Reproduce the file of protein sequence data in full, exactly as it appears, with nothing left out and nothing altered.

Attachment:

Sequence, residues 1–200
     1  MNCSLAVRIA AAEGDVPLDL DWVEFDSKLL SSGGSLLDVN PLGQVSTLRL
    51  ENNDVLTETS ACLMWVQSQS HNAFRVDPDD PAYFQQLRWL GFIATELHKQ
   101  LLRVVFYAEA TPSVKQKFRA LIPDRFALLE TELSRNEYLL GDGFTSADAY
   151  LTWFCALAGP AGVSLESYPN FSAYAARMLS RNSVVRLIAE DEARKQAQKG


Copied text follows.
Sequence, residues 1–200
     1  MNCSLAVRIA AAEGDVPLDL DWVEFDSKLL SSGGSLLDVN PLGQVSTLRL
    51  ENNDVLTETS ACLMWVQSQS HNAFRVDPDD PAYFQQLRWL GFIATELHKQ
   101  LLRVVFYAEA TPSVKQKFRA LIPDRFALLE TELSRNEYLL GDGFTSADAY
   151  LTWFCALAGP AGVSLESYPN FSAYAARMLS RNSVVRLIAE DEARKQAQKG